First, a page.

A year before our first child was born we broke ground building our dream home. I was hell bent and determined to have the house finished before we moved in. I swore I wouldn’t be that guy with Tyvek siding and plywood floors. I’d have doors on my cupboards. There’d be trim on my windows. Every nail driven was one nail closer to sitting in our screened-in porch enjoying late sunset dinners.
Today, four years after moving in, we have open studded ceilings, closet doors without knobs and there is a gap between the ceramic tile in the kitchen and the red pine flooring in the dining room. Yes, Cheerios, marbles and dead flies collect there.
It would take me only a few hours to finish this job. A trip to Home Depot to buy the trim and a couple hours measuring, cutting, gluing and nailing everything into place. But it’s not going to happen. Today is June 26 and it’s National Canoe Day. We’re going to join paddlers from coast to coast to coast in canoe-related activities in waters of our own choosing. We’re spending our National Canoe Day paddling to a place my son calls Bunny Island.
Last week, June 13 to 21 was Bike Week in the United Kingdom. My daughter Kate just turned three years old and with her chocolate cupcakes came her first two-wheeler. As a former colony with the Queen still on our money, it seems the only right thing to do is ride our bicycles.
National Fishing Week kicks off July 4. As the publisher of Kayak Angler, one of Canoeroots’ sister publications, it would be irresponsible for a guy like me to not take my kids fishing, besides “recreational fishing is a heritage activity that provides an opportunity for people of all ages and from all walks of life and cultural backgrounds to get outdoors and enjoy both the excitement and serenity of fishing.” Sold. Who should argue with the Canadian National Sportfishing Foundation and deprive their kids of true cultural experiences and their heritage.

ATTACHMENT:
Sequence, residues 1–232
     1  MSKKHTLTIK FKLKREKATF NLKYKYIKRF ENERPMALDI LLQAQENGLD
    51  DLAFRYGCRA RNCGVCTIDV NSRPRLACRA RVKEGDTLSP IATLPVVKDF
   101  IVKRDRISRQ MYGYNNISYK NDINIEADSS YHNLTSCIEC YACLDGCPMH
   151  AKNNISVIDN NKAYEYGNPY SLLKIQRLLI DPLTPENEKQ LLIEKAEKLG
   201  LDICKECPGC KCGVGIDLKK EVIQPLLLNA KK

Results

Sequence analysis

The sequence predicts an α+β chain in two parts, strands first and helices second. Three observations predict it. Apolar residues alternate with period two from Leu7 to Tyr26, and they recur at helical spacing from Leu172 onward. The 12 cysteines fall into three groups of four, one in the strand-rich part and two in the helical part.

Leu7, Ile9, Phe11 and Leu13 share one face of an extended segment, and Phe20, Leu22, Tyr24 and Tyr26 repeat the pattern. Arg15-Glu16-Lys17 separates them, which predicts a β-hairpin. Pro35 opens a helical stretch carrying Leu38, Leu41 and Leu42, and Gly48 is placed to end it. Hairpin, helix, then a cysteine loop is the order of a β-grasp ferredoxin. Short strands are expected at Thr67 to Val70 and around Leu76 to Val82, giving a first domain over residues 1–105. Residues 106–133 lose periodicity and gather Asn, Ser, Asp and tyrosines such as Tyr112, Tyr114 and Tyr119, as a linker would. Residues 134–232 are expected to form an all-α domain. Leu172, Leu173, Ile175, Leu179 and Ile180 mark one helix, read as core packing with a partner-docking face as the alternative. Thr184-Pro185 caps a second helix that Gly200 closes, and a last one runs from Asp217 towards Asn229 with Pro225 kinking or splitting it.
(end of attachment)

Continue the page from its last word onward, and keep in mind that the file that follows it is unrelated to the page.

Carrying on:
In the United States they have National Camping Month and to celebrate we’ve lined up two family canoe camping trips down the Petawawa and Dumoine Rivers. At this rate, I can’t see me getting at the Cheerio gutter until early fall or maybe even winter—but then there’s National Jump in the Leaves Month and the entire alpine ski season to look forward to.
The Outdoor Industry Association’s 2008 Outdoor Recreation Participation Report suggests that from 2006 to 2007, there was a 12 per cent decrease of participation in outdoor activities among American children ages 6 to 17 years of age. The same is probably true in Canada.
When it comes to home renovations Bob the Builder says, “Can we fix it? Yes we can!” But first let’s tackle the more important project of reversing a potentially deadly trend and get kids outside. “Can we fix it? Yes we can!” Sometimes all it takes to get a job done is writing it on the calendar.
This article first appeared in the Summer/Fall 2009 issue of Canoeroots Magazine.